5 Signs That Infrastructure Is Draining It Budget

1. The total cost of acquisition (TCO) of the infrastructure is high

When calculating TCO, you evaluate the total acquisition costs (direct and indirect) linked to an asset throughout its life cycle. By doing so, you can identify cost reduction opportunities and look for alternatives. In addition, the TCO allows a detailed view of operations and the environment, something that financial reports would not allow.

2. The depreciation time of the data centre assets is short

While extending depreciation of equipment is an option, the cost is high and the result is long-term. With technology evolving rapidly, the solution may be to invest in new servers, with higher performance, lower depreciation and reduced energy consumption. An even better alternative is the choice for Cloud Computing solutions. By betting on the cloud structure, there is no need to buy new equipment for a depreciated environment.

3. Most of the data centre is within the company

Expenditures for business infrastructure and operations account for a considerable amount of the total IT budget. In other words, it is infrastructure and operations that are essential to reducing IT spending. The use of data centre services in the cloud turns out to be an excellent option for companies to reduce these costs, with high quality indices and SLA in the service rendering.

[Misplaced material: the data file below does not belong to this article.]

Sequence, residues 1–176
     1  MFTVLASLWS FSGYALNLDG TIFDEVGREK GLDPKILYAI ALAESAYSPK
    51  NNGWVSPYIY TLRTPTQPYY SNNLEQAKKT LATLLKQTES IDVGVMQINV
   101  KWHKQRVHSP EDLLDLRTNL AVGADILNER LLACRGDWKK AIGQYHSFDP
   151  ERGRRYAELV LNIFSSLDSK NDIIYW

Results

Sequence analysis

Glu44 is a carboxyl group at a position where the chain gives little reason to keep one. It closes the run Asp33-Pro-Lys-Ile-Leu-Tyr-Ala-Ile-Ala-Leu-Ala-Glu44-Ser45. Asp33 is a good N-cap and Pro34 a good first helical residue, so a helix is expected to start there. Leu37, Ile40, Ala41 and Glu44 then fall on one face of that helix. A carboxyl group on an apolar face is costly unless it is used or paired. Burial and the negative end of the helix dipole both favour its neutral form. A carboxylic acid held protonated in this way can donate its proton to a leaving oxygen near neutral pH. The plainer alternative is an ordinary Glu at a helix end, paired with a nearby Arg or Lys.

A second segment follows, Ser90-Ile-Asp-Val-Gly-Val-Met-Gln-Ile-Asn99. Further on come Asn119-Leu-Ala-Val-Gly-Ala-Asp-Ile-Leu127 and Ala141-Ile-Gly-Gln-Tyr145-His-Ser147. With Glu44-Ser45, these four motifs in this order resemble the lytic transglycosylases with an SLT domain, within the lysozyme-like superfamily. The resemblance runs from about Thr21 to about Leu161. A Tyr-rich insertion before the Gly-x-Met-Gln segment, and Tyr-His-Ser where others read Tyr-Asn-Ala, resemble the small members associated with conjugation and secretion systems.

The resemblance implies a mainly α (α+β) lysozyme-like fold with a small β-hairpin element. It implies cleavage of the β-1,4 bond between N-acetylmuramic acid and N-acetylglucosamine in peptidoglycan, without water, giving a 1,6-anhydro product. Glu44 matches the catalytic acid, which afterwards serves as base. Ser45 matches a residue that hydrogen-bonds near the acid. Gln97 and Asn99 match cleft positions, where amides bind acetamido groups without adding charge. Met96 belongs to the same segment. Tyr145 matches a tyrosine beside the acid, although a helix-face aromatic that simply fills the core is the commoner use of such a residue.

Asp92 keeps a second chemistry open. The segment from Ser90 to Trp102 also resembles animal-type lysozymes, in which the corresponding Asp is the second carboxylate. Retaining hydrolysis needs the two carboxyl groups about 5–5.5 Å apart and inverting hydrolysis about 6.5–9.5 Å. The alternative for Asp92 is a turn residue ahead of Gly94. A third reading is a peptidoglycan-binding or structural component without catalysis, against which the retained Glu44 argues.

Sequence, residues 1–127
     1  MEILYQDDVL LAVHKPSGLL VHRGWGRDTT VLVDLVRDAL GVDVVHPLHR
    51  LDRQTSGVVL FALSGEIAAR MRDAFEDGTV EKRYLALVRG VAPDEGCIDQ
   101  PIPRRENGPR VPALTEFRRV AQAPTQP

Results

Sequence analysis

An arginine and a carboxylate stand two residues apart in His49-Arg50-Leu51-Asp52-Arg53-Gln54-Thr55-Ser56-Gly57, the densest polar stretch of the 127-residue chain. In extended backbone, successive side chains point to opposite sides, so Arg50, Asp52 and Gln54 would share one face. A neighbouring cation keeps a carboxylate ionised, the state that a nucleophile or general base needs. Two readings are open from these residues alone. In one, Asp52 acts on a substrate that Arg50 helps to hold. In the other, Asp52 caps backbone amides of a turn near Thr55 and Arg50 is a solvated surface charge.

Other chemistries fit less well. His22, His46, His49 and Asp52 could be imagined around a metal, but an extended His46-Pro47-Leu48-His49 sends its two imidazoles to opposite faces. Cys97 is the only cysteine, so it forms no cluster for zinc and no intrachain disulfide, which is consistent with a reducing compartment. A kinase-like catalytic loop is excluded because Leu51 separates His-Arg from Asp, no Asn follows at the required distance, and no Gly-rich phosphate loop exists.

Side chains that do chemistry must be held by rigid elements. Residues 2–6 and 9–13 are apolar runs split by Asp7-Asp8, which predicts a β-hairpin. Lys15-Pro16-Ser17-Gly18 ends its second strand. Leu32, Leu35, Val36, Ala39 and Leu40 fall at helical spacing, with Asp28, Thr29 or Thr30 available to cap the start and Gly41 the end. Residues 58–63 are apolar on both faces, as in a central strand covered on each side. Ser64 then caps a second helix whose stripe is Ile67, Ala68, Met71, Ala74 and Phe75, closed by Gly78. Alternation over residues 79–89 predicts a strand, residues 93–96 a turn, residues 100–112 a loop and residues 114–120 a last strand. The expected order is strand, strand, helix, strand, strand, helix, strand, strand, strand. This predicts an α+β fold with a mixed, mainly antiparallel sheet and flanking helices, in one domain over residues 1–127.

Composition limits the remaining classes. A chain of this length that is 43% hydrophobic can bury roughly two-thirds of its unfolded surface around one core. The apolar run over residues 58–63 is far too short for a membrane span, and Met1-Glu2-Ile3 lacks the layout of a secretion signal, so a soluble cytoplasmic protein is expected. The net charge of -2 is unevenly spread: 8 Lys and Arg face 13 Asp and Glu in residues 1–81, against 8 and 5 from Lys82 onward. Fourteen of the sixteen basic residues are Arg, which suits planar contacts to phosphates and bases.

4. Storage costs are high

Without adequate strategies, increased data storage can consume cost savings in other areas of the enterprise. Knowing this, it is clear that the easiest way to reduce TCO is to decrease the cost of capacity. In this logic, cloud service providers with high storage capacity and low power consumption are a great alternative to physical servers. In addition, acquisition costs, workload, capacity and disk performance also affect the TCO. Therefore, when evaluating the best alternative, consider other variables such as scalability, safety, density, maintainability and disposal. Ideally, you should choose a solution with higher capacity and performance at lower costs.

5. There is no continuous improvement in processes

While technology streamlines IT operations and makes processes simpler and more agile, you need to continually evolve. Improvement goes beyond technology and can reduce the time spent managing IT assets, in addition to reducing TCO. Improving processes helps, for example, decrease the response time and downtime of operations.


Reducing costs is a constant pursuit within any company, especially when in the midst of economic crises. With an ever-tightening IT budget, CIOs and IT managers focus on areas that can ensure significant cost savings. We need to know, first, if the infrastructure is draining IT investments and then evaluate cost optimization opportunities.